On Saturday, the USWNT continued their countdown to the World Cup with a 4-0 victory over New Zealand in St. Louis, Mo. This match was the last before Coach Jill Ellis will announce the roster for this summer’s tournament, and with the depth of this team, there is no doubt Ellis’ decision will be a difficult one.
The first half was ruled by US possession, and I mean ruled. About halfway through the first half, goalkeeper Hope Solo gave up a corner kick on a ball that she should have left alone, seemingly out of some combination of indecision and boredom. Meanwhile, the rest of the team showed off some great development on the wings, but only had a few real attempts on goal despite their dominance. Forward Amy Rodriguez, a major contributor in recent games, lost battles to the goalpost twice in the first half, but the second attempt was one of the most impressive and heartbreaking misses I’ve seen. (Here’s a great highlights video.)
The only goal in the first half came from defender Meghan Klingenberg with a one-touch screamer from outside the box. A corner kick from fan-favorite Megan Rapinoe (getting her 100th cap today) made it through the box before it was sent back across by defender Ali Krieger, and cleared by New Zealand right into the path of Klingenberg who showed no mercy to that ball. The shot was powerful enough to get by the Ferns’ goalkeeper Erin Nayler, but the real skill was in Klingenberg’s ability to keep the shot under the crossbar for the goal.
After halftime, the USWNT came out looking a bit too comfortable. New Zealand’s development was getting steadily stronger, but before they could start making serious threats however, Coach Ellis brought in three subs that would make a serious impact. Sydney Leroux, Tobin Heath and Lori Chalupny came in for Christen Press, Rodriguez and Klingenberg and the subs’ desire to get a second goal was evident right away. Solid goal attempts began developing quickly, but after veteran Abby Wambach joined the game around the 73rd minute, goals began to rain down on New Zealand. Though Wambach didn’t score today, it’s easy to make the argument that there was definite correlation in her arrival on the pitch and the USWNT’s three goals that soon followed in rapid succession.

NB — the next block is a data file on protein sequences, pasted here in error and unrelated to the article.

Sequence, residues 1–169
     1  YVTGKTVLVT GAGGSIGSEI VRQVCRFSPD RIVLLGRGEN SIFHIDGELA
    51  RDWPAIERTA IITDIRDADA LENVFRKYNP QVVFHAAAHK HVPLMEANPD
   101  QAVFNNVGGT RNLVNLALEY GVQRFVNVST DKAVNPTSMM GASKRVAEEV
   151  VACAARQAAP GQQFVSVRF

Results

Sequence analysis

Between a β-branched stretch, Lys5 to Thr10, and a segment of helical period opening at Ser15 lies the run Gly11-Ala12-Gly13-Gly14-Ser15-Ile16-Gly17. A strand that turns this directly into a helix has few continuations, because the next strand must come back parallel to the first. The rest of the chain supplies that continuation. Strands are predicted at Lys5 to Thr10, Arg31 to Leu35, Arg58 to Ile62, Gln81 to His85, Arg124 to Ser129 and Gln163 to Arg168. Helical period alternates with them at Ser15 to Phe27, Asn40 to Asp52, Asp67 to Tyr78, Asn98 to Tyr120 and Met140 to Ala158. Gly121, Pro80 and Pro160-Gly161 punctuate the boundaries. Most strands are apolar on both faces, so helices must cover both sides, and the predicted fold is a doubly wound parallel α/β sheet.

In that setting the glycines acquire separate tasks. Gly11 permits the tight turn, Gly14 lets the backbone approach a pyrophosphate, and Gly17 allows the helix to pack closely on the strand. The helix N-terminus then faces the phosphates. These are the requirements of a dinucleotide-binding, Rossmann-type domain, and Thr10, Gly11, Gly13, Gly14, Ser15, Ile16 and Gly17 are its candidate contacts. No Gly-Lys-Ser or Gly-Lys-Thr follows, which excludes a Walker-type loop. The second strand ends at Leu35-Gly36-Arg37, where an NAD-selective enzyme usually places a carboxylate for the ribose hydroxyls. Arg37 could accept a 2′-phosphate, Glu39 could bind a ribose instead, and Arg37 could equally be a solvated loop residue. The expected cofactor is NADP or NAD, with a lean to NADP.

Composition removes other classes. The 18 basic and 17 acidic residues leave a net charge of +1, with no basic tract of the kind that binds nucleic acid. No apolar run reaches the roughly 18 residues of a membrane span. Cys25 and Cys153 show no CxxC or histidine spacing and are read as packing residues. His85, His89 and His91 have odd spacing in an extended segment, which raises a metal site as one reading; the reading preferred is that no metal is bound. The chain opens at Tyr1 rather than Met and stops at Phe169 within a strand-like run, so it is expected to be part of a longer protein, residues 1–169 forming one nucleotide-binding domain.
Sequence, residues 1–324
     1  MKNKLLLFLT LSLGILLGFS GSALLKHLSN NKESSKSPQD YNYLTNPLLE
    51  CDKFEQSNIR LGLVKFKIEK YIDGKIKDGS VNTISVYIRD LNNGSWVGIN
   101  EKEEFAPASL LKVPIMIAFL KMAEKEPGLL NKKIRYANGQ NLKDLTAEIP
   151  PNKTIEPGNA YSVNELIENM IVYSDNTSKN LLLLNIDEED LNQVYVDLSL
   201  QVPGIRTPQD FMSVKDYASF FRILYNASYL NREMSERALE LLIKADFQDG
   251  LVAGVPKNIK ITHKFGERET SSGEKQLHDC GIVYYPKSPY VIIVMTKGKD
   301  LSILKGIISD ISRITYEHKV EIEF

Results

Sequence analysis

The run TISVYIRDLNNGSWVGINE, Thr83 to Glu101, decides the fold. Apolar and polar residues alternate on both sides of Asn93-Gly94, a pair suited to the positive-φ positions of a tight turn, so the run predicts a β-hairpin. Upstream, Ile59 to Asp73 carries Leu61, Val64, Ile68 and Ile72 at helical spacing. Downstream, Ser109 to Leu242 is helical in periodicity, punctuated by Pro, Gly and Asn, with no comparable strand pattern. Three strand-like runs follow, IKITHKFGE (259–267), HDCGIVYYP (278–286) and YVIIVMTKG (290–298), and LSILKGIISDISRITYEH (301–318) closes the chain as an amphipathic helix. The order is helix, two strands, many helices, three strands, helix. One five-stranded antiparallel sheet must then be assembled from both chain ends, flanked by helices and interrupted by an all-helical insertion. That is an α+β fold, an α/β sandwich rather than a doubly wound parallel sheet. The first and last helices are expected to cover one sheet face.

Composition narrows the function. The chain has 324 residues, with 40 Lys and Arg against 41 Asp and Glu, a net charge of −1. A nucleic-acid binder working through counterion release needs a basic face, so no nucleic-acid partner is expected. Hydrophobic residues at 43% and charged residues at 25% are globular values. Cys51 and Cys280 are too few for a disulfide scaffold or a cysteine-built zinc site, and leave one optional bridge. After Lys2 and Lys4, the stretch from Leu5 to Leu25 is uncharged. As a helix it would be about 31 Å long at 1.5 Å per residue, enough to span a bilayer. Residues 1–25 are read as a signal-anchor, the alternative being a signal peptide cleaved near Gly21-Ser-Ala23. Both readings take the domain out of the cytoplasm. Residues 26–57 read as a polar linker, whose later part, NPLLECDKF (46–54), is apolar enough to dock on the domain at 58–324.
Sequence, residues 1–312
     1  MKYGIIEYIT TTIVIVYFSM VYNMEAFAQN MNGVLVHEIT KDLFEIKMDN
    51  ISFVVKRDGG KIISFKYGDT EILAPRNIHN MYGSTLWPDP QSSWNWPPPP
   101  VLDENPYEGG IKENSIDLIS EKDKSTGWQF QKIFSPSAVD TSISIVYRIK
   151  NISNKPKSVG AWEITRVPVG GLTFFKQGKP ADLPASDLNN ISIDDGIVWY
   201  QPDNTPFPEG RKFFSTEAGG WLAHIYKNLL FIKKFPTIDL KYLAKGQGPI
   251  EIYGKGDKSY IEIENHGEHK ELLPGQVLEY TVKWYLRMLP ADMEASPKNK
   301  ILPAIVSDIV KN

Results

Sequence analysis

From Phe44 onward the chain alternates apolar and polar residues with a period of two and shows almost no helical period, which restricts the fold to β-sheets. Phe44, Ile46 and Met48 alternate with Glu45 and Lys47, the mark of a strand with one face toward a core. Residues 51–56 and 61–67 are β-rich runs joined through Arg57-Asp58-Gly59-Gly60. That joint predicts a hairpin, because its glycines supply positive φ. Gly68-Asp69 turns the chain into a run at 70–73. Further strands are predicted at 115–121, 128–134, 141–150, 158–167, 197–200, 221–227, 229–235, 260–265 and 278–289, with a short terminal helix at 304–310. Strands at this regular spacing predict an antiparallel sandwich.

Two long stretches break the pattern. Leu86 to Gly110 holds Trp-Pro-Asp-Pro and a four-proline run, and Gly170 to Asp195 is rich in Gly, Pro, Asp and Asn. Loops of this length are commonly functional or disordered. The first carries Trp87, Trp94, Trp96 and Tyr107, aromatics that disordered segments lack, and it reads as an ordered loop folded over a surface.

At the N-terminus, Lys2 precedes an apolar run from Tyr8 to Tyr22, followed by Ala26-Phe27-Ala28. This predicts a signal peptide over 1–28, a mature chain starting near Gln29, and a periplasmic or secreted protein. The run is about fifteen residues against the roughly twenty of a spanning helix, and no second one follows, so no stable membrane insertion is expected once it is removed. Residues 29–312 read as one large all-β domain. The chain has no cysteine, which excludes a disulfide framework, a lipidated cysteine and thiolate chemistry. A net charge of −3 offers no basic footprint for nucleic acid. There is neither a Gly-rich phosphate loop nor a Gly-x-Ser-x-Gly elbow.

First came St. Louis native Lori Chalupny, ripping a shot in the 75th minute that, again, developed out of a corner kick. This time it was a short kick to Rapinoe who laid off the ball setting up the goal to make it 2-0 USA. Next, another defender and a player who is quickly becoming a favorite, Julie Johnston, headed one home in the 78th minute off a beautiful free kick from Lauren Holiday. If there was any question about Johnston making the World Cup roster, she put it to bed, read it a bedtime story, and tucked it in with this goal, very similar to her goal in the Algarve Cup final.
Last to strike was young gun Morgan Brian, the only offensive player to score today and doing so on one of her first touches of the game. Brian made a nice run out of midfield for Leroux and sent a textbook finesse finish into the lower left corner to make it 4-0 with only eight minutes left in regulation.
While the USWNT was able to make this a decisive victory, they still have to work on getting shots on goal earlier in the game. Improved from their last appearances was the development of play on the wings, as the chemistry between defenders and their correlating midfielders is growing to be palpable. Rapinoe and Klingenberg teamed up to own the left side today, and I very much expect to see that winning combination again. Figuring out the right combination of players up top wasn’t made any easier for Ellis with three goals coming from defenders, and a lack of substantial presence from Press and Carli Lloyd. Luckily the US has three more friendlies ahead as they begin their send-off tour on May 10.
As for New Zealand, the Ferns will have to regroup and figure out their strategy for competing in the World Cup with teams like the US. Maintaining composure and adding some patience will go a long way, even when they’re out-possessed. Today, they were caught a couple times sending hopeful long balls with no real purpose, and on the World Cup stage, that strategy just won’t do. Two months isn’t a lot of time to make big changes, but ideally they’ll find some small adjustments to make that make a big impact.